10 Questions

You know what we do, but do you know who we are? Read 10 Questions

At NCSC, we’re proud of the research we do, the advice we give and the education we provide to our colleagues in the courts. And we’re proud of the people who do that work.

Meet the analysts, researchers, consultants and others who make NCSC a great place.


Shannon Roth

Title: Business Analyst
Division: Court Consulting Services
Started at NCSC: May 2005


 "When I was in high school and in my early 20s, I wrote short stories and poetry. One of my poems was published somewhere. I entered a random contest, and I was one of 30 people who had their poems published."

Shannon Roth, a business analyst at NCSC, has lived her whole life, except for the first six weeks, in southeast Virginia. She grew up in the shipyard town of Newport News, where she worked several jobs before she ended up at NCSC in 2005. To find out about the terrifying thing that happened at her first job, the first conversation she and her father ever had, and the famous person she ran into at Times Square, keep reading.

What did you want to be when you were growing up? My grandfather put it in my head that I should be a lawyer because I was so good at arguing.

What was your first job, and do you have any interesting stories from that experience? I worked at Chanello’s, and we were robbed one night. I was the day-shift manager, but I was working the night shift for some reason. It was me, the general manager and two delivery drivers, and we were closing up the store and walking out. We heard something behind us, and this masked man with a gun appeared out of nowhere. He pointed the gun at the manager, who was holding the cash bag. The manager just handed it to him, and the guy ran away. He was gone in a flash. The manager said, ‘I guess we have to call the police,’ and we walked back into the store and called the police. I don’t remember if they caught the guy.

That’s incredible. Were you terrified? It’s something I’ll never forget, but I didn’t have time to get scared. It happened so fast. 

So how did you come to work at the National Center? Coming out of high school, I was leaning toward psychology and social work, but I was really good with numbers, so I ended up getting a job in accounting and payroll at a construction company. After a while, I decided to apply for a temp job here to help with CTC (Court Technology Conference) in 2005, and that led to a job in Research. I was a program specialist.

So now you’re a business analyst in Court Consulting Services. What’s the elevator speech on what you do here?
It’s similar to the program specialist job. Basically, I do whatever the project director needs. I do a lot of data collection, data analysis, and data display, where I take survey results and compile them into different tables and charts. I primarily work on workload assessments, helping to determine if courts have enough judges and court staff. I present findings and recommendations from the information we collect from surveys and site visits.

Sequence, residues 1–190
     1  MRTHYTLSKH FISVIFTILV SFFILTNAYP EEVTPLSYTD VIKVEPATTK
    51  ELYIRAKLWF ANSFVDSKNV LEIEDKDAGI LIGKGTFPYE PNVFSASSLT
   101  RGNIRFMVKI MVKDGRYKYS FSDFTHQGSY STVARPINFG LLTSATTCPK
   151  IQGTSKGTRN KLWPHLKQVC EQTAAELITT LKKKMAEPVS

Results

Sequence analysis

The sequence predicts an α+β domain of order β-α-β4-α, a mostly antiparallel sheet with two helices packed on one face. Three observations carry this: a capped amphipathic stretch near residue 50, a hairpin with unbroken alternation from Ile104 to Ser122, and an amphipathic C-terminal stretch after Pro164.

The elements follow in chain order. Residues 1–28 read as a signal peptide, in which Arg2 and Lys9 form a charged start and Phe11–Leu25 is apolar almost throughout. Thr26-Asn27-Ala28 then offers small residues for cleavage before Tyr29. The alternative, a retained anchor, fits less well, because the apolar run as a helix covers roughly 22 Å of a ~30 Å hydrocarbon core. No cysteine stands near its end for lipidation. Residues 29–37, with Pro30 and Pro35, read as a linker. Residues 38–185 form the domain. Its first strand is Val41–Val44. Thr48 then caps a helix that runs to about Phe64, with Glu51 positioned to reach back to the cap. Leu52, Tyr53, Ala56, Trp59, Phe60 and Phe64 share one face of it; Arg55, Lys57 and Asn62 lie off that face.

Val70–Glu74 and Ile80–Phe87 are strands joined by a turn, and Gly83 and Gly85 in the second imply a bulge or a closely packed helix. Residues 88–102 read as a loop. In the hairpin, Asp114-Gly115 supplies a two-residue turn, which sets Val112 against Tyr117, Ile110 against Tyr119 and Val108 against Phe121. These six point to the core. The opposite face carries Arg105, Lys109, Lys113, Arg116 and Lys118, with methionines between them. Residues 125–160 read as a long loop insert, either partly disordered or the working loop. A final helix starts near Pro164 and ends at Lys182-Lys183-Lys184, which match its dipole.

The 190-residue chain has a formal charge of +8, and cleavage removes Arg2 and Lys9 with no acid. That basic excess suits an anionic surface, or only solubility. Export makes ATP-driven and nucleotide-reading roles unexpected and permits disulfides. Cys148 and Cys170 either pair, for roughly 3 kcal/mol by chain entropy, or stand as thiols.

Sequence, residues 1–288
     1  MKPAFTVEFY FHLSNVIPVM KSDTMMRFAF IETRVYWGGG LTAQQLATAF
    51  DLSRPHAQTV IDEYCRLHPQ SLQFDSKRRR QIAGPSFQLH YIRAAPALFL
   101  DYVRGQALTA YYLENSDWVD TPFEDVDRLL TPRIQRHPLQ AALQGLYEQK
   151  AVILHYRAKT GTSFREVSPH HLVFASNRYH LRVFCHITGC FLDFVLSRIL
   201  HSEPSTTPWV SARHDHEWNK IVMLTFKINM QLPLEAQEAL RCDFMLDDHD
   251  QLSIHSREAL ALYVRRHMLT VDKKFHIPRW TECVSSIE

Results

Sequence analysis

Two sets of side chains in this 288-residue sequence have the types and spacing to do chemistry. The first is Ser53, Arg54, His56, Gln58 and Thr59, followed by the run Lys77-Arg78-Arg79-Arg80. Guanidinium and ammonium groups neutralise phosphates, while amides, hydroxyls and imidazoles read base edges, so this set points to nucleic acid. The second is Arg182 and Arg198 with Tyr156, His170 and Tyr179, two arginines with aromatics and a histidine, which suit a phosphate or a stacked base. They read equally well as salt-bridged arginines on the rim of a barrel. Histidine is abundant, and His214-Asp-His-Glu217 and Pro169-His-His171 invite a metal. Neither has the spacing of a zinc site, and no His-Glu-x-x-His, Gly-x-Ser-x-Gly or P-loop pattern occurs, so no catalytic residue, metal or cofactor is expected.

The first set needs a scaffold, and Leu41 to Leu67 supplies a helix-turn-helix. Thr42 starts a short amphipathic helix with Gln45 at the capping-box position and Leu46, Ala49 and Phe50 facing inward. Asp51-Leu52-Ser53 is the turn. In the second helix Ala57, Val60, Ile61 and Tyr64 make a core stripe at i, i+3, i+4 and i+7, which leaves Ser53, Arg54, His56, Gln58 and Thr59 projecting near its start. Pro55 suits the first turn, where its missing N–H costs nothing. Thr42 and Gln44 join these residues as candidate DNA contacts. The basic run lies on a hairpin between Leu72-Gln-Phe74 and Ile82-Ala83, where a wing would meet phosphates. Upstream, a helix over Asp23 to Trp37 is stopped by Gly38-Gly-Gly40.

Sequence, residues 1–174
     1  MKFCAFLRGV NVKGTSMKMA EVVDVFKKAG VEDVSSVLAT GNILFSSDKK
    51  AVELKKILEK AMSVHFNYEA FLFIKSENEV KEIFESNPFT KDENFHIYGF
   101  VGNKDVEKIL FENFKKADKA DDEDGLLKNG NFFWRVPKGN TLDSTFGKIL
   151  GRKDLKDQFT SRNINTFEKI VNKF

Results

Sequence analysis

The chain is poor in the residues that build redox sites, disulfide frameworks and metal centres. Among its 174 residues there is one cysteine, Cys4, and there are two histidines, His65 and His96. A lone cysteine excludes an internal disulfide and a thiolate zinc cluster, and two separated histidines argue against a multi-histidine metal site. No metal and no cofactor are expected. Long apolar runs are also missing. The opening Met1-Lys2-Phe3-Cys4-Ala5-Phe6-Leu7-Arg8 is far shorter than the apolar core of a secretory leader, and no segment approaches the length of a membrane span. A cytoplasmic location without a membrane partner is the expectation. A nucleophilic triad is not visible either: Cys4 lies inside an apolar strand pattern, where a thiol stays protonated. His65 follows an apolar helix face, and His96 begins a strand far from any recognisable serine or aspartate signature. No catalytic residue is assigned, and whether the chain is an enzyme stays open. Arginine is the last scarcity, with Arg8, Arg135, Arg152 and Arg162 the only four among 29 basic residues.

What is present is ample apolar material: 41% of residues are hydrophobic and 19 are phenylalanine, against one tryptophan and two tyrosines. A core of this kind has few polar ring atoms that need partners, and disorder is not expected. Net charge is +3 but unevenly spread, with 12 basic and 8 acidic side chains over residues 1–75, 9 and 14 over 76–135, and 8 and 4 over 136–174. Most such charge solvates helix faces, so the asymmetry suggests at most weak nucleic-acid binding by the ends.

What’s something about you that surprises people when they find out about it for the first time? My age (41). I still get carded when I buy wine. When I was younger, I was told that when I got older, I would like that. It’s fine. 

What’s something that few people know about you? When I was in high school and in my early 20s, I wrote short stories and poetry. One of my poems was published somewhere. I entered a random contest, and I was one of 30 people who had their poems published.

Who do you admire the most, and why? The answer I used to give to that question is my mom, but really it’s collectively my whole family. …I was raised by my grandparents until I was 12, and then I moved in with my mom and stepdad. I call my stepdad dad. I didn’t meet my real father until I was 14.

How did that happen? The phone rang one day, and I answered it, and a man said, ‘Patty?’ I said, ‘No.’ That’s my mother’s name. Then he said, ‘Jennifer?’ I said, ‘No.’ That’s my sister. And then he said, ‘Shannon?’ I said, ‘Yes.’ Then he said, ‘This is your father.’ He could tell I was speechless, and so he just said, ‘Well, your sister called me. Will you tell her I returned her call?’ and I said, ‘Yes.’ And that was the end of the conversation. Sometime after that, Jennifer and I went down to North Carolina to meet him. The relationship has had its ups and downs, but we’re in a good place right now.

Have you ever met anyone famous? Yes, my kids and I were in New York the summer before last to see Hamilton. One morning we were walking toward Times Square, and we saw a group of people crowded around a lady. She started walking across the street where we were standing, and we saw that it was (Today show host) Hoda Kotb. Lauren said, ‘Will you take my picture with her?’ So I walked up to Hoda and said, ‘Would you mind if I took your picture with my daughter?’ and she said, ‘Of course not.’ She was very friendly, but it was clear she had somewhere she needed to be, so we didn’t get to talk to her too much, but she said hi to all three of us and posed for a couple of pictures.